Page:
JUN 22, 2017 5:19 PM PDT

How Cells Eliminate Chromosome Imbalances

WRITTEN BY: Carmen Leitch

Cells have to maintain the proper number of chromosomes or serious disease can result. In humans, cells each have 23 pairs and when they divide, it’s critical to stop any error that cause a gain or loss of chromosomes. MIT scientists have discovered the way our immune system can eliminate genetically imbalanced cells from the body. It seems that right after such an imbalance crops up, a cell can call for natural killer cells, special agents of the immune system and they eliminate the abnormal cells. The work has been published in Developmental Cell.

This report suggests that we may able to recruit those natural killer cells to fix chromosome imbalances. "If we can re-activate this immune recognition system, that would be a really good way of getting rid of cancer cells," suggested senior author of the work Angelika Amon, the Kathleen and Curtis Marble Professor in Cancer Research in MIT's Department of Biology, a member of the Koch Institute for Integrative Cancer Research. You can learn more about the work of her lab in the video.

When it’s time for cell division, the chromosomes of a cell first replicate and then undergo a precise process by which the chromosomes are evenly divided between the two new cells when the original cell splits in two. A failure of that even distribution causes imbalances in the daughter cells, called aneuploidy.

Aneuploidy in embryonic cells usually causes death in an organism. It’s lethal for a person to carry extra copies of most chromosomes; the exceptions all lead to disorders. Down syndrome is one example, caused by extra copies of chromosome 21. For cancer cells however, extra copies of chromosomes are the norm. Amon's lab has been interested in the uncontrollable growth of such cancerous cells.

"Aneuploidy is highly detrimental in most cells. However, aneuploidy is highly associated with cancer, which is characterized by upregulated growth. So, a very important question is: If aneuploidy hampers cell proliferation, why are the vast majority of tumors aneuploid?" asked Santaguida.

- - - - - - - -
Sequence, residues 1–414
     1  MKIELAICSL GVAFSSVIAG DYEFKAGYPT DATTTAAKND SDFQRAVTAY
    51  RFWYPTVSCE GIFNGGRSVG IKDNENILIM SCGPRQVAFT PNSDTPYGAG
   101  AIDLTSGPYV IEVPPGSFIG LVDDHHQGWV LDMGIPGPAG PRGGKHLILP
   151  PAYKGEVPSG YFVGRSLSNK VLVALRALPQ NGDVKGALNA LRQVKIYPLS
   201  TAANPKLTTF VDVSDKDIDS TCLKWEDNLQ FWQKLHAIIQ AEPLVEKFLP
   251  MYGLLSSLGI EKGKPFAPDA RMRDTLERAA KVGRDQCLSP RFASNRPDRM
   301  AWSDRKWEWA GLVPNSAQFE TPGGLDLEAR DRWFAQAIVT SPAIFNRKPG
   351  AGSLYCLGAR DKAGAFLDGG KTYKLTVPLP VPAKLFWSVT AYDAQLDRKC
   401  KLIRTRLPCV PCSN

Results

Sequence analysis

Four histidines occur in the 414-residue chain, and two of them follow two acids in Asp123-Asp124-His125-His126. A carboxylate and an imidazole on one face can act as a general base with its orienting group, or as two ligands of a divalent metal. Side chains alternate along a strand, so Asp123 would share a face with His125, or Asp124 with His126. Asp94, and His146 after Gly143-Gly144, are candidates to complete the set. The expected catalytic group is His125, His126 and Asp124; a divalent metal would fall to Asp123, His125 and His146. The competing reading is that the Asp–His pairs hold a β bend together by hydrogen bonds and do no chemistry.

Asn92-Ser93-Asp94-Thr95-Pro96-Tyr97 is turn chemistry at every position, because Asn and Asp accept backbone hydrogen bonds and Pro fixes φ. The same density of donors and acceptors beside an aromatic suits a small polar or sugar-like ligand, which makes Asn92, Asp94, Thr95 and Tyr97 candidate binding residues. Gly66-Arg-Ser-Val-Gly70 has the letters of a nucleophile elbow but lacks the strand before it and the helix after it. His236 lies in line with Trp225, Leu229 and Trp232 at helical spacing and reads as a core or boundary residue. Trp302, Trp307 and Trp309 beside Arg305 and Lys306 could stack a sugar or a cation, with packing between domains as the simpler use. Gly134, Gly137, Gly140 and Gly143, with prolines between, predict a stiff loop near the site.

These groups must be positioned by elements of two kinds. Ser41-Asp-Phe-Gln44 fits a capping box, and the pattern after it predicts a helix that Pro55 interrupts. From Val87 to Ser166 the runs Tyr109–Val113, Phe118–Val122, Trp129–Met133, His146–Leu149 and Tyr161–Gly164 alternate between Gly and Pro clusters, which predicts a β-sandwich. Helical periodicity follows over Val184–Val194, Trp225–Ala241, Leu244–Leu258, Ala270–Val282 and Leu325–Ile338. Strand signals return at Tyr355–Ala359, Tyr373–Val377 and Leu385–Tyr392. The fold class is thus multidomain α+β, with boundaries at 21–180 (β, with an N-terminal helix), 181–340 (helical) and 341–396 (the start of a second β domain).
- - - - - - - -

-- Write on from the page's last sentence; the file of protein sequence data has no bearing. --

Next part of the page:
To try to answer that question, the researchers wanted to find out more about how aneuploidy affects cells. Over the past few years, Santaguida and Amon have been studying what happens to cells immediately after they experience a mis-segregation of chromosomes, leading to imbalanced daughter cells.

For this work, the researchers focused on the immediate aftermath of an imbalance in daughter cells. They intentionally disrupted the even dispersal of chromosomes during cell division, finding that when daughter cells received an uneven number of chromosomes, they quickly started another round of division, exacerbating the chromosome imbalance as well as pronounced damage to DNA. The cells eventually halted division.

Graphical Abstract, Santaguida et al Dev Cell Volume 41, Issue 6, p638-651.e5, 19 June 2017

"These cells are in a downward spiral where they start out with a little bit of genomic mess, and it just gets worse and worse," Amon said.

The accumulated genetic errors build until the aneuploid cells can no longer divide and instead begin producing molecules that cause inflammation. The researchers then exposed the aneuploid cells to immune cells called natural killers, which eliminated the majority of the aneuploid cells.

"For the first time, we are witnessing a mechanism that might provide a clearance of cells with imbalanced chromosome numbers," Santaguida said.

The scientists are continuing their work, aiming to learn more about how natural killer cells are attracted to aneuploid cells, and if other immune cells get in on the act. Additionally, they want to know if they can get this process going in cancer patients, as aneuploidy is a feature of 75 percent of blood cancers and about 90 percent of solid tumors.

"At some point, cancer cells, which are highly aneuploid, are able to evade this immune surveillance," Amon says. "We have really no understanding of how that works. If we can figure this out, that probably has tremendous therapeutic implications, given the fact that virtually all cancers are aneuploid."


Sources: AAAS/Eurekalert! via MIT, Developmental Cell

About the Author
Bachelor's (BA/BS/Other)
Experienced research scientist and technical expert with authorships on over 30 peer-reviewed publications, traveler to over 70 countries, published photographer and internationally-exhibited painter, volunteer trained in disaster-response, CPR and DV counseling.
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